It’s here, sort of.
An investigation led by civil servant Sue Gray into the partying carried out by U.K. Prime Minister Boris Johnson as well as his aides while COVID restrictions were in place found “a serious failure to observe not just the high standards expected of those working at the heart of Government but also of the standards expected of the entire British population at the time.”
Here are the highlights from what Gray herself calls a “limited” account, which also comes as the Metropolitan Police is carrying out a criminal investigation. U.K. Prime Minister Boris Johnson told Parliament he accepted the findings in full and would implement her recommendations. “I get it, and I will fix it,” said Johnson.
“i. Against the backdrop of the pandemic, when the Government was asking
citizens to accept far-reaching restrictions on their lives, some of the behaviour
surrounding these gatherings is difficult to justify.
ii. At least some of the gatherings in question represent a serious failure to
observe not just the high standards expected of those working at the heart of
Government but also of the standards expected of the entire British population
at the time.
iii. At times it seems there was too little thought given to what was happening
across the country in considering the appropriateness of some of these
gatherings, the risks they presented to public health and how they might appear
to the public. There were failures of leadership and judgment by different parts
of No 10 and the Cabinet Office at different times. Some of the events should
not have been allowed to take place. Other events should not have been
allowed to develop as they did.
iv. The excessive consumption of alcohol is not appropriate in a professional
workplace at any time. Steps must be taken to ensure that every Government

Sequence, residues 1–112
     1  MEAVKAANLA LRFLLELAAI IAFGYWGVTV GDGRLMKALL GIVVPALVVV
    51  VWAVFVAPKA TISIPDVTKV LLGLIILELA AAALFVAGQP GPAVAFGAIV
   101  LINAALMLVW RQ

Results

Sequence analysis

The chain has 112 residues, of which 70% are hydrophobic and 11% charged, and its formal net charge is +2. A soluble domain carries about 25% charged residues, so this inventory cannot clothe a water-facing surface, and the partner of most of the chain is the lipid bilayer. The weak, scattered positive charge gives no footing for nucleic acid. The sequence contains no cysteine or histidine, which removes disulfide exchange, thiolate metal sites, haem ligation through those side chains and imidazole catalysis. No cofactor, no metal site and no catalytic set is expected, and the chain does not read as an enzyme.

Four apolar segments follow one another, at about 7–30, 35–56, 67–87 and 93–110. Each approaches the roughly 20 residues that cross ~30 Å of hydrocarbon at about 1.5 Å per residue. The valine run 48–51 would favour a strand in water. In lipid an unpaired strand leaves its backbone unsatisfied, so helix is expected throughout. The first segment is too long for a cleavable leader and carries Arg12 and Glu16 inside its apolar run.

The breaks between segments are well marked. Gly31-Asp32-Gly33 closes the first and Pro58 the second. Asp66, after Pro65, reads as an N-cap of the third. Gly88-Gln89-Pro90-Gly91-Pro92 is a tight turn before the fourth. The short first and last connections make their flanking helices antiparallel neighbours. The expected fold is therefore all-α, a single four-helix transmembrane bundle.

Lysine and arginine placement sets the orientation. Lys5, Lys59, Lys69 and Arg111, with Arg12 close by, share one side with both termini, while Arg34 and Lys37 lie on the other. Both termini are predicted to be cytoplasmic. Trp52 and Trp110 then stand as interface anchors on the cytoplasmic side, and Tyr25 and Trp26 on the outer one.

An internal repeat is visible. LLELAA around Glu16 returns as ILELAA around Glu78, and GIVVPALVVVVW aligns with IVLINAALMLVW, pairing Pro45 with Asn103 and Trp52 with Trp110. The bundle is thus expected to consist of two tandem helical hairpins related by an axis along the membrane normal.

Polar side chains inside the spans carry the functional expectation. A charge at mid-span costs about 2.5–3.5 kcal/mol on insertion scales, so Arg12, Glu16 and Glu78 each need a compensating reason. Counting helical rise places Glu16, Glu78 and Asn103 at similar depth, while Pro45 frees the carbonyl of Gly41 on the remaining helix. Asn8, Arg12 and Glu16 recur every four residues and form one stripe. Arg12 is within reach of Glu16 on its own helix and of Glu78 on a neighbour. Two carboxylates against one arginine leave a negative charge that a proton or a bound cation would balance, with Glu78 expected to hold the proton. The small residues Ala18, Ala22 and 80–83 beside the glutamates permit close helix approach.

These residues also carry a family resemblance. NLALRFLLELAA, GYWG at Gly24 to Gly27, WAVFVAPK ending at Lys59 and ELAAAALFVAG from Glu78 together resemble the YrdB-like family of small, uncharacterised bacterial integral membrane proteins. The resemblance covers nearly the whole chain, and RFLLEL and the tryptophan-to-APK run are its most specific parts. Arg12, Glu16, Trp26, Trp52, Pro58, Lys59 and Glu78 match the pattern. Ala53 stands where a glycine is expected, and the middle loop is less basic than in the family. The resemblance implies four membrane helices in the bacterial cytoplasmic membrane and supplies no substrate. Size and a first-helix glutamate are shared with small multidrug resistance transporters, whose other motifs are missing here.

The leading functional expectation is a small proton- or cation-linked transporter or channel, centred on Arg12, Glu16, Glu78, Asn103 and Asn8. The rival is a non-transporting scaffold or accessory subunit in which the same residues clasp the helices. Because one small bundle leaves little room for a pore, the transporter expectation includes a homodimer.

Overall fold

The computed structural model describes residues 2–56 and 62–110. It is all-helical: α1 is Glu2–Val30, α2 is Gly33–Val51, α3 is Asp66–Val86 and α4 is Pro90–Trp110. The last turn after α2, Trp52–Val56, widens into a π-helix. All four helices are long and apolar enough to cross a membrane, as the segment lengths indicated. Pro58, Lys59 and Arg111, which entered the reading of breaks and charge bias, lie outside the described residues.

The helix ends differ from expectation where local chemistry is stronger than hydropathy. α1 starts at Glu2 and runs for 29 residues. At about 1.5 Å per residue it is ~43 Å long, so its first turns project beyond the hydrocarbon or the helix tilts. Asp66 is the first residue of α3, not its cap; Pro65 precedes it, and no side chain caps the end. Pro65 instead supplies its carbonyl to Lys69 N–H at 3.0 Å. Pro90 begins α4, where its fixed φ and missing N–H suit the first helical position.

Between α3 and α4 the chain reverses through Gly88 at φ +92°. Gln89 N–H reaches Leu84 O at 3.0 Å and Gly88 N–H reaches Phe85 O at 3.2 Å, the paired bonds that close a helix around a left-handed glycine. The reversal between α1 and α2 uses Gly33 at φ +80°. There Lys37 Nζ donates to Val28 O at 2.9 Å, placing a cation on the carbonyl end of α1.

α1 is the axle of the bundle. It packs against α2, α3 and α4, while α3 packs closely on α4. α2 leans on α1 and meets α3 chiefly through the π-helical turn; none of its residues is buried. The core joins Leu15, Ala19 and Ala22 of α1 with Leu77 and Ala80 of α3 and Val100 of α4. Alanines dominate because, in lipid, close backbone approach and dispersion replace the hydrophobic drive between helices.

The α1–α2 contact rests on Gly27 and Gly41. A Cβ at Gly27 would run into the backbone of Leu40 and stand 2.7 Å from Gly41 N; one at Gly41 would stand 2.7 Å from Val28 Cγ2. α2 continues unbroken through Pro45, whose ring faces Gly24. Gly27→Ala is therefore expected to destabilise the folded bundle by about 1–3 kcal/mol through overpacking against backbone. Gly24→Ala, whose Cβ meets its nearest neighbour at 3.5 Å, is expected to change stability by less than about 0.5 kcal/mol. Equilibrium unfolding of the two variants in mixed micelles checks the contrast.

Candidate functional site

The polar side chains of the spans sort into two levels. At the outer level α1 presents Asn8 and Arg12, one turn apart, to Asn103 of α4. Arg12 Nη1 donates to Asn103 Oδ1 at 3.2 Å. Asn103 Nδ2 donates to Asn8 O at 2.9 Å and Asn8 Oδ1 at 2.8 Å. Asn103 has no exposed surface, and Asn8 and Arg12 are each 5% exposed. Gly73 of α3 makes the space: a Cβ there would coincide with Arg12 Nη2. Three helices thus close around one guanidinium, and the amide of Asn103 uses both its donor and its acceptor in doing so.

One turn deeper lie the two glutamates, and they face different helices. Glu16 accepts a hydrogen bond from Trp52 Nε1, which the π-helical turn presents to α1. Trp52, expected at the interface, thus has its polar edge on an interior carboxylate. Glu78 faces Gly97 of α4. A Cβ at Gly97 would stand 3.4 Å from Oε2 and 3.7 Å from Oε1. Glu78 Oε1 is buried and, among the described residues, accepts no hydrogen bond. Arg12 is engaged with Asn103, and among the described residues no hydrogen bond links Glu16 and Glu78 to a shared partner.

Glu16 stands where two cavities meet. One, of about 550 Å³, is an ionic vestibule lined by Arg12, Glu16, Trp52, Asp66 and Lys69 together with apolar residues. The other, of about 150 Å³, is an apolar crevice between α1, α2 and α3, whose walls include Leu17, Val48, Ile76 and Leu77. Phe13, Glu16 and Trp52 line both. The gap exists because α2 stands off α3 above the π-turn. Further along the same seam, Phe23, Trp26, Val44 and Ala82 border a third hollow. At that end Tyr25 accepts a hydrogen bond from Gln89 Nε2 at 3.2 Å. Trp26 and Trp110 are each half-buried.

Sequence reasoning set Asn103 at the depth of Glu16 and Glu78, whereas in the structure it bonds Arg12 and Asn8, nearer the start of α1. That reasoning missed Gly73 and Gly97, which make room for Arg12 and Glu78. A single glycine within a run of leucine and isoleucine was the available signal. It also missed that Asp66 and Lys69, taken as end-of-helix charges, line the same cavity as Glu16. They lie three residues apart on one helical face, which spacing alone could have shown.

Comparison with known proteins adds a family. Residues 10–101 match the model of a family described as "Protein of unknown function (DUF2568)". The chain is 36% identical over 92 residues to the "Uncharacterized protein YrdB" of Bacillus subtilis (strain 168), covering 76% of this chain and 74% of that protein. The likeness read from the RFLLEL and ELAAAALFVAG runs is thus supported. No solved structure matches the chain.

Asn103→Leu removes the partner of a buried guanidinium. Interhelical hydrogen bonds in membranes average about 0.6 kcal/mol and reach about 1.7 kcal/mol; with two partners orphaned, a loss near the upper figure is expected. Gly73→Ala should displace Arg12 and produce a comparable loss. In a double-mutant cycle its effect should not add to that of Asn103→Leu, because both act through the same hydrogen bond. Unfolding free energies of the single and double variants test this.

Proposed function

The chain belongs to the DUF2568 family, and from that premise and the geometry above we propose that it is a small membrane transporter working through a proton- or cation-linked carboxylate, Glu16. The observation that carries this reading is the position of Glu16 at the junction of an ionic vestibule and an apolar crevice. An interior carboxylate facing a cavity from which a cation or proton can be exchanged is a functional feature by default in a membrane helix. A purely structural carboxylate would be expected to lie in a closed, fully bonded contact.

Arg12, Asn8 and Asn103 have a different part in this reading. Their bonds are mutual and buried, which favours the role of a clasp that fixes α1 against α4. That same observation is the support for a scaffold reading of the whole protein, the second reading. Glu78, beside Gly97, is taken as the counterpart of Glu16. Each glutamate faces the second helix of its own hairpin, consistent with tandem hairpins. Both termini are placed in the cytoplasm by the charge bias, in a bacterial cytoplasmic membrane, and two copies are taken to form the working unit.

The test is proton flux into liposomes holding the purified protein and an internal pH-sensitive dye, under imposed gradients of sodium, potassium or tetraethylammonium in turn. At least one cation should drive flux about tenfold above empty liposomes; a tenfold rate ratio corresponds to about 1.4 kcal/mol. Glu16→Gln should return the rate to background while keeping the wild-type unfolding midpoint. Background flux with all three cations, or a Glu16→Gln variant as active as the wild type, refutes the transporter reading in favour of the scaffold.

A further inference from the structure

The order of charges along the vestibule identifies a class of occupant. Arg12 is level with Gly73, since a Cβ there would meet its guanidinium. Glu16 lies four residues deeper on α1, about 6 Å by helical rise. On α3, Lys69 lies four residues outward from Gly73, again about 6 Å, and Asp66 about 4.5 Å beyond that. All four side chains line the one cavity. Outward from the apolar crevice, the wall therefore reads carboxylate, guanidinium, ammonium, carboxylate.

Department has a clear and robust policy in place covering the consumption of
alcohol in the workplace.
v. The use of the garden at No 10 Downing Street should be primarily for the
Prime Minister and the private residents of No 10 and No 11 Downing Street.
During the pandemic it was often used as an extension of the workplace as a
more covid secure means of holding group meetings in a ventilated space. This
was a sensible measure that staff appreciated, but the garden was also used
for gatherings without clear authorisation or oversight. This was not
appropriate. Any official access to the space, including for meetings, should be
by invitation only and in a controlled environment.
vi. Some staff wanted to raise concerns about behaviours they witnessed at work
but at times felt unable to do so. No member of staff should feel unable to report
or challenge poor conduct where they witness it. There should be easier ways
for staff to raise such concerns informally, outside of the line management
vii. The number of staff working in No 10 Downing Street has steadily increased in
recent years. In terms of size, scale and range of responsibility it is now more
akin to a small Government Department than purely a dedicated Prime
Minister’s office. The structures that support the smooth operation of Downing
Street, however, have not evolved sufficiently to meet the demands of this
expansion. The leadership structures are fragmented and complicated and this
has sometimes led to the blurring of lines of accountability. Too much
responsibility and expectation is placed on the senior official whose principal
function is the direct support of the Prime Minister. This should be addressed
as a matter of priority.”